Charlie makes a brief cameo appearance (via re-used animation from Often an Orphan) in the Robert McKimson-directed short Dog Tales (1958). Jones shelved the Charlie Dog series of films in the 1950s, along with other characters he had introduced, such as The Three Bears and Hubie and Bertie. He was turning his efforts to new characters, such as Pepé Le Pew and Wile E. Coyote and Road Runner. However, recent Warner Bros. merchandising and series and films such as episodes of Tiny Toon Adventures, the film Space Jam (1996) in the crowd scenes (here performed by Frank Welker), and Tweety's High-Flying Adventure (2000) in Italy have brought Charlie back out of retirement.

The Frisky Puppy character that Jones paired with Claude Cat in several '50s shorts bears a close physical resemblance to Charlie.

Charlie Dog made a cameo appearance in The Looney Tunes Show episode "Father Figures". He is seen at a pet store where he was attacked by Henery Hawk (who was looking for a chicken).

Charles M. Wolf

Charles M. Wolf (also known as The Big Bad Wolf or as his wife calls him, Charlie) is a dimwitted wolf who appeared in "Red Riding Hoodwinked" (1955) and "Hare-Less Wolf" (1958).

His name is only given in the second feature and apparently spoofs animator Chuck Jones, whose real name was Charles Martin Jones. In his first appearance, his design resembled a modified version of Sylvester. But in his later appearance, his design was greatly simplified to make it look aardvark-like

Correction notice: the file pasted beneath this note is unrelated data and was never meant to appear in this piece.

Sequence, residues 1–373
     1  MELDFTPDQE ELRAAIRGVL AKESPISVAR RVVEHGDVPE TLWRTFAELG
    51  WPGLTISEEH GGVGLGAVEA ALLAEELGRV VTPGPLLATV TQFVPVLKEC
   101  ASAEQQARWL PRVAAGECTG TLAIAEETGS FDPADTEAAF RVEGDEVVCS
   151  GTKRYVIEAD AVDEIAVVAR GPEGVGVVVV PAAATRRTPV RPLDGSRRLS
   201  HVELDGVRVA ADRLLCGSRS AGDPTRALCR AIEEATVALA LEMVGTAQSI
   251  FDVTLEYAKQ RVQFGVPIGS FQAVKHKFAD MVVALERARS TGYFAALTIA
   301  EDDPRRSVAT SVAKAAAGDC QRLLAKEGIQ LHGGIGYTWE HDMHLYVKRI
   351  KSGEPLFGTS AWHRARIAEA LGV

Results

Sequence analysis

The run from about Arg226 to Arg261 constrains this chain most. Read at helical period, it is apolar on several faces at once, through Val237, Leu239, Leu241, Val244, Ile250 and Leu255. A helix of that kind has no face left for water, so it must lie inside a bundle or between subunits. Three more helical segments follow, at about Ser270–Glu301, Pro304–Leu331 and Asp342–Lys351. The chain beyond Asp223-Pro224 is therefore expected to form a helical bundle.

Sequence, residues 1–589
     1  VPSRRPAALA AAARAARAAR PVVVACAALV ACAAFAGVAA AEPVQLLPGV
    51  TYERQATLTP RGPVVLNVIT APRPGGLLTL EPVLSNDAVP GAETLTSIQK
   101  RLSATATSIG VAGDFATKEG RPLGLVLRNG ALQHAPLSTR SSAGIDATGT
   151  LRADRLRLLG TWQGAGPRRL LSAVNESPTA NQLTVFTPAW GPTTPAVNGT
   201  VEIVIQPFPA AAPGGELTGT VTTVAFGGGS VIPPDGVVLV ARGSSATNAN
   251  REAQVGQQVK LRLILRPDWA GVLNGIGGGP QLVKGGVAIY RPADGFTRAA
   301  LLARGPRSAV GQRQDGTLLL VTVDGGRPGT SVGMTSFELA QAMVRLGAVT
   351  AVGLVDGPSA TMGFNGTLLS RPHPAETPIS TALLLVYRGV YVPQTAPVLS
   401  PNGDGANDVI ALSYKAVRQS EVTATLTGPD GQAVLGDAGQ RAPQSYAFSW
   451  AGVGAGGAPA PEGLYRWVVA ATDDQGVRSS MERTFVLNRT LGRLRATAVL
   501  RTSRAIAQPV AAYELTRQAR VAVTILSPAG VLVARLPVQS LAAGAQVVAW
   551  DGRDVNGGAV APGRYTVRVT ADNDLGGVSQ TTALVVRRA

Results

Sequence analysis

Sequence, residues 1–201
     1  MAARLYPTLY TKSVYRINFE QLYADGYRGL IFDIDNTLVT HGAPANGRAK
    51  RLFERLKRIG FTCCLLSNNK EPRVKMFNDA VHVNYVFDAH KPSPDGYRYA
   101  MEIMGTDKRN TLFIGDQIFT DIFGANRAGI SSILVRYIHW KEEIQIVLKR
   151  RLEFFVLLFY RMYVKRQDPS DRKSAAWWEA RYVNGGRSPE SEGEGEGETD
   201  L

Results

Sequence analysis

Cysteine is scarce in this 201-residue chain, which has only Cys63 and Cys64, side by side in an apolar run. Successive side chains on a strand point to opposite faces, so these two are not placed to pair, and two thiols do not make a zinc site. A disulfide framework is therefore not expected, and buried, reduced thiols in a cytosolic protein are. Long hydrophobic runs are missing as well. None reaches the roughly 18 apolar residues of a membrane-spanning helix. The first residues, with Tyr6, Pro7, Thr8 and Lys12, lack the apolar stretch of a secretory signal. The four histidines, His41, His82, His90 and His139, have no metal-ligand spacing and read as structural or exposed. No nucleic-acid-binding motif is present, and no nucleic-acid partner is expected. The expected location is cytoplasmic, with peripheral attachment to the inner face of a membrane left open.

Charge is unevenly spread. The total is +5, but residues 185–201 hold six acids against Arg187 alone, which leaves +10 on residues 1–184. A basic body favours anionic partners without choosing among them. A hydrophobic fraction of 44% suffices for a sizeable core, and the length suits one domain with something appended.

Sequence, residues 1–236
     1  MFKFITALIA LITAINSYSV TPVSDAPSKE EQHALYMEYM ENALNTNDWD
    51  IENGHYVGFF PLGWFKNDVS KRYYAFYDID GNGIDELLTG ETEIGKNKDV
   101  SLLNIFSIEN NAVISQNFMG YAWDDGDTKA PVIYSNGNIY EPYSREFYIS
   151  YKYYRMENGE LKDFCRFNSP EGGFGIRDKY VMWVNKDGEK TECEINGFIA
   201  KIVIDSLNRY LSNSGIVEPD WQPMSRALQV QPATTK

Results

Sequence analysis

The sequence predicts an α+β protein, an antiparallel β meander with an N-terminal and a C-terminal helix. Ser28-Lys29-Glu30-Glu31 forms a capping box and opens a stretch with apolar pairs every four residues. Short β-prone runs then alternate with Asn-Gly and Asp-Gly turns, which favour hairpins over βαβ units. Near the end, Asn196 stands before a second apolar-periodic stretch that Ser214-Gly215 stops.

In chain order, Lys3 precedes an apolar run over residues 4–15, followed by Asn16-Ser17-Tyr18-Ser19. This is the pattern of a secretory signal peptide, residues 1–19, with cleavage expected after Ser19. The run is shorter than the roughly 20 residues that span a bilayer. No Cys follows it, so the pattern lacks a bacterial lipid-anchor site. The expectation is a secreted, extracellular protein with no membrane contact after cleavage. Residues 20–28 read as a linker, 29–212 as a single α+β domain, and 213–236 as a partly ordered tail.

Claude Cat

Main article: Claude Cat

Claude Hopper

Claude Hopper is a prideful (and stupid) kangaroo in the Looney Tunes series, not to be confused with Hippety Hopper. He only appeared in the theatrical short "Hop and Go", where he was taken advantage of by Scottish rabbits. His voice is similar to the Disney character Goofy. His voice was provided by Pinto Colvig, the original voice of Goofy.

Claude Hopper made an appearance in the crowd scenes of Space Jam during the basketball match against the Monstars.

Clyde Bunny

Main article: Clyde Bunny

Conrad the Cat

Conrad the Cat starred in a few shorts in the 1940s all directed by Chuck Jones. He first appeared in the 1942 short The Bird Came C.O.D.[1] before featuring in Porky's Cafe (1942) and Conrad the Sailor (1942).[2] He was voiced by Pinto Colvig, the original voice actor of Goofy.


Cookie is Buddy's girlfriend.

Main article: Cookie

Cool Cat and Colonel Rimfire

Cool Cat is a tiger who wore a stylish green beret and scarf. He spoke in 1960s-style beatnik slang.

Main article: Cool Cat

Cornbread the Bird

Main article: Cornbread

Count Blood Count

Count Blood Count (originally voiced by Ben Frommer and later by Bill Farmer, Frank Welker and Jeff Bennett) is a vampire from the Warner Bros. Looney Tunes animated shorts.